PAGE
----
14

I often imagine Muktibodh as a Private Detective; not a spy but a private detective.In his diary he often speaks of poets playing a certain role, wearing a mask, making a well disguised appearance in their writing. So its no surprise for Muktiboth when a person with a bourgeois lifestyle wears a progressive countenance in his or her poetry. Muktibodh detected me as such a player, a bourgeois bohemian. Had I not read him, I would have remained my determined, obvious persona. He stripped me off my mask but while doing it he obliged me to see his own. In his poetry, he wore the mask of a Private Detective. But who hired him? His consciousness? His striving for his Param Abhivyakti Durnivar? No. Marx, his spectre, hired him. Muktibodh was not a reviewer of modern civilization but a hired private detective. He did not imagine this modern civilization as a universe but as a diverse – tooti hui bikhari hui –rhythm, system formed of fragmented units, the classes. His Andhere Mein, the magnum opus of a PD, is a marchpast of these classes further fragmented into types and individuals. I know I am one of those walking in darkness. Muktibodh had seen me. I fear he had no torch in his hands, he himself was walking along me in the darkness, hiding his face, his ID card and his camera. The only thing alit was the beedi in his mouth.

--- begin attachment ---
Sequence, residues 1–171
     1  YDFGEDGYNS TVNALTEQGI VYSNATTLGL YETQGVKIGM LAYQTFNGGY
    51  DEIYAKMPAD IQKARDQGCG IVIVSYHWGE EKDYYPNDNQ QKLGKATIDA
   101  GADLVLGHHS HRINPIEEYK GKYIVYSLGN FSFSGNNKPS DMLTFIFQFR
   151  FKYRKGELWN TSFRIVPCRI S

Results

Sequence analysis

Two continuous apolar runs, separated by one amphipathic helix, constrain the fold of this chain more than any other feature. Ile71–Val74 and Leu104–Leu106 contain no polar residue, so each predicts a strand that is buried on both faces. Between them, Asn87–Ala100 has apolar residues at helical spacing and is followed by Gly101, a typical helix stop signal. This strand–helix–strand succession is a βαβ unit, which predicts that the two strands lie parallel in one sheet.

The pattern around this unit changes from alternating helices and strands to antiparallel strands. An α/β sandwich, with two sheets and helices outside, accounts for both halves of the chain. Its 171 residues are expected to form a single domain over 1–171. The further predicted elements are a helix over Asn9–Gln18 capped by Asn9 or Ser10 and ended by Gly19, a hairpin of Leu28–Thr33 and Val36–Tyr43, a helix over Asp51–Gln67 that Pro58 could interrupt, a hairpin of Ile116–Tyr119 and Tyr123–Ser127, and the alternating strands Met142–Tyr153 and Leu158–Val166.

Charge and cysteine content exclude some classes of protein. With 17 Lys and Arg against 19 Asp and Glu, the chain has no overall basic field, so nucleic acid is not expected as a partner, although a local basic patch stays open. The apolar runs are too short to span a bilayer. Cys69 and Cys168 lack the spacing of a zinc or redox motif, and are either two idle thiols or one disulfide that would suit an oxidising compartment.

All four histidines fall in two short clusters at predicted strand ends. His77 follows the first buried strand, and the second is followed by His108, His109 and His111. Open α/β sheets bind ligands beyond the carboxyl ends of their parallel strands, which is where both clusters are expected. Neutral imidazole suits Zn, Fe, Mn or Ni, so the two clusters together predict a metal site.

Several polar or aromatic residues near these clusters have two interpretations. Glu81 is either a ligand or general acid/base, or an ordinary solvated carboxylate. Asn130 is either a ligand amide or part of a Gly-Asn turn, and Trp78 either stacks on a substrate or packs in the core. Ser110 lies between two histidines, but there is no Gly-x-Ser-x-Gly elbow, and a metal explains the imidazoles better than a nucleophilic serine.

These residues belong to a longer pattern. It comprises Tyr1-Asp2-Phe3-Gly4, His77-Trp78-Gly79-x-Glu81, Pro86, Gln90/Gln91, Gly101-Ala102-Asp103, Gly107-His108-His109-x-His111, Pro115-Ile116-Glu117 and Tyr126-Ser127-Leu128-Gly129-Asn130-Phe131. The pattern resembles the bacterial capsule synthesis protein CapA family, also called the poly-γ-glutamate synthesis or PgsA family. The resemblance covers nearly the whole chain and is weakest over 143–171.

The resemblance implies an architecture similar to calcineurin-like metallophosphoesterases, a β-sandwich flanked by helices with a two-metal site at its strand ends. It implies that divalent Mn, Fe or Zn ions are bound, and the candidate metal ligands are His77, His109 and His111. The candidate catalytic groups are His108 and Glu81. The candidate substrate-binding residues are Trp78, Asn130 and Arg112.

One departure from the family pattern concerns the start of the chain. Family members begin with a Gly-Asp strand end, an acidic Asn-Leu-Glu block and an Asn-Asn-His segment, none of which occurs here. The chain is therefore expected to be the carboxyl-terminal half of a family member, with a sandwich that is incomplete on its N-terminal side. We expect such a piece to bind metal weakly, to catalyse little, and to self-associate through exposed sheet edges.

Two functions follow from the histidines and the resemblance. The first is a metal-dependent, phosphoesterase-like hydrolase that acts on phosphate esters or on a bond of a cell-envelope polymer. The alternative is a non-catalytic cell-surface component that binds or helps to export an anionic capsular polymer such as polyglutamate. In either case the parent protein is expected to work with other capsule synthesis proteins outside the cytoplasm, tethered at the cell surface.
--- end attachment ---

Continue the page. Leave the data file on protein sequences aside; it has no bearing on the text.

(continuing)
15

It has been a long time since Shabnam painted anything. She seems to have forgotten her days at Jaipur School of Arts just as most of us forget our BAs and BScs. Her regular, almost punctual calls always kept me in touch with her little family. They named their son Gautam. Once she sent me a portrait of a two year old Gautam. That is the only thing she has painted since her marriage. In his portrait, Gautam smiles at onlookers and that's the only thing he has inherited from his mother otherwise he is a replica of his father. He has no traces of that fabulous sadness that seduced his mother and me. When I first saw him in real, a year later, he was a replica of his portrait. 'Tumhara hi naam Gautam hai na?’ I asked him with my eyes fixed at his mother. He didn't reply. After a few seconds Shabnam said in a frozen voice, 'He can not speak nor can he listen.' I looked, for the first time, at the boy. He was smiling as he did in his portrait.